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Ch - A C/C++ Interpreter

Volume Number: 19 (2003)
Issue Number: 9
Column Tag: Review: Ch

Ch - A C/C++ Interpreter

New possibilities for people who like C and Unix.

by Matt Campbell

First Look

Given that C is the basis for much of the programming behind the Mac, which now utilizes Unix as its substructure, C seems to be the language that all Macs speak. If you're not eager to dive into many different languages for different tasks, take a look at Ch. Ch expands the capabilities of C and makes it an interpreted language. Its tight integration with the Unix shell makes it natural for Mac OS X. To those who are using C and are comfortable with the command line interface or are willing to learn, I think you will discover Ch to be a useful tool. Ch can help with shell programming, development, numerical computing, and learning C.

Setup and Trying It Out

Anyone wanting to give it a whirl can get the Standard version of Ch for OS X, Unix, and Linux free. Not bad for starters. Check out the website at http://www.softintegration.com/. Go to the downloads page and register, after which you will be sent download instructions via email (mine came in a matter of seconds). After downloading and installing the package, start the Terminal application in the Applications > Utilities folder and type ch -d. The -d option loads the startup file, .chrc, in your home directory. Then edit this file using vi and uncomment the line that starts with _path. This lets you run files on the command line without entering the current directory path, './', before the file name. There's a little information in the README file including directions to uninstall. If you like, Ch can even be run as your default shell. Using the Terminal > Preferences... menu, select the button to execute this command upon creating a terminal window and enter /bin/ch. Now any new shell you start will automatically be running Ch. More documentation can be found in the /usr/local/ch/docs folder from the command line by typing open filename.pdf. I've been using Ch for 6 months and C covers lots of ground, so I'll try to give you the run down on most of the important features of Ch. Here it goes.

Ch as a C/C++ Interpreter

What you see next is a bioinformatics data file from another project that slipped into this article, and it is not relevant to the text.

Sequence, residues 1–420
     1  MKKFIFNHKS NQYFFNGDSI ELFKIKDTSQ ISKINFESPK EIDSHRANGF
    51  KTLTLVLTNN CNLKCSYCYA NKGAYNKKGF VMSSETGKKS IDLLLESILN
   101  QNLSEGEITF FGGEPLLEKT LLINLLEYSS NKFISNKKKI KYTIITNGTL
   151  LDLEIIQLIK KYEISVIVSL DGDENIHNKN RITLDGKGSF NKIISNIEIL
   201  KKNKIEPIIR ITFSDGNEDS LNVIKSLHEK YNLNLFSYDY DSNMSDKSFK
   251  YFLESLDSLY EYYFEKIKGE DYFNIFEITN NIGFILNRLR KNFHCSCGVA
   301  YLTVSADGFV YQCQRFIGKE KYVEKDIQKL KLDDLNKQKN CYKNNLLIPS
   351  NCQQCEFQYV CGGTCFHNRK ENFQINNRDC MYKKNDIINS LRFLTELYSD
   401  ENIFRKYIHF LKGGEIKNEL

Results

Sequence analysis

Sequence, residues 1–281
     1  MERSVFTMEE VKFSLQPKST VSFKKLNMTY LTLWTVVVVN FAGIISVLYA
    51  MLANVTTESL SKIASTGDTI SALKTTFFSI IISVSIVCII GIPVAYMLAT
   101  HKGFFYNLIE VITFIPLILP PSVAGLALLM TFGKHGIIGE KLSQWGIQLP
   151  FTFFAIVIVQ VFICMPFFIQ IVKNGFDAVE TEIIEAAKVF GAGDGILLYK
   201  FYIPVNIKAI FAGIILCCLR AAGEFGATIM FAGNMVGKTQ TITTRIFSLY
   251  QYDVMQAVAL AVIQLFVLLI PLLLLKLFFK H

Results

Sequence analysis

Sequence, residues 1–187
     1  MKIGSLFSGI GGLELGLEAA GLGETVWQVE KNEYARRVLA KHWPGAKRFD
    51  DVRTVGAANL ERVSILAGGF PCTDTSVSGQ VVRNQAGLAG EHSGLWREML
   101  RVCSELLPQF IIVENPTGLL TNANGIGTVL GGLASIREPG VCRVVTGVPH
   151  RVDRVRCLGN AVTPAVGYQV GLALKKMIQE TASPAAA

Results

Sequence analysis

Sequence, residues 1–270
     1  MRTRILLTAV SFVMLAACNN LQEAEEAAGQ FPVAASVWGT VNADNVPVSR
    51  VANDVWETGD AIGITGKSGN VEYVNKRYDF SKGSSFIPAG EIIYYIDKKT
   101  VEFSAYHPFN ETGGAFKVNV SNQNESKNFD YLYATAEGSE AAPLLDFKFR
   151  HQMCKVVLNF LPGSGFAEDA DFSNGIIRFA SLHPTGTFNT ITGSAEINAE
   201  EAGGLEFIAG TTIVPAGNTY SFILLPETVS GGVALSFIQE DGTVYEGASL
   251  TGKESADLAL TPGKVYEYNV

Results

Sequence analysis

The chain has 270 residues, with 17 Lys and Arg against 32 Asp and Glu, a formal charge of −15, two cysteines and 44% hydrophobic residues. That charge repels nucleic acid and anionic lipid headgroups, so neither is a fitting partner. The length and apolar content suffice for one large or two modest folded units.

At the simplest level, Ch is a C interpreter. It is able to run C code without compiling. It does not need a project space or any of the other associated files that are usually created in the compile/build/debug/execute cycle by most programs used in writing code. All that's necessary is the program file. There are two levels in its ability to run the C language on the fly. First, it will run C code interactively from the command line, as a command interpreter. If you're still learning C, this is invaluable. When having problems with a particular statement or wondering about the output of a command, it can be entered on the command line to test how it works. This works not only for simple assignment statements, but loops and conditional statements as well. It is sort of "programming as you go" when coupled with the Terminal's drag and drop ability. You can test several lines of code and if they work properly, just drop them in your program. Second, programs can be executed from the command line without compiling, with Ch acting as a program interpreter. Many people like this option for testing out small pieces of code or being able to run programs in stages, testing new functions as you build them into the program. The process of the compile/debug cycle can be skipped altogether. This allows for fast changes to a program and quick concept testing. A nice feature of Ch comes up when running programs this way. It's error messages are not the cryptic type usually given by a compiler when a program has problems. When the program fails, Ch prints out the offending line and line number and also points to the suspected error with arrows. Most of the time, I find this feature speeds the process of correcting small errors and oversights since you don't have to pick through a lot of lines to find where the problems are hiding. As an example of interpretive C, here's the classic "hello world" program run in four ways. First is the actual program: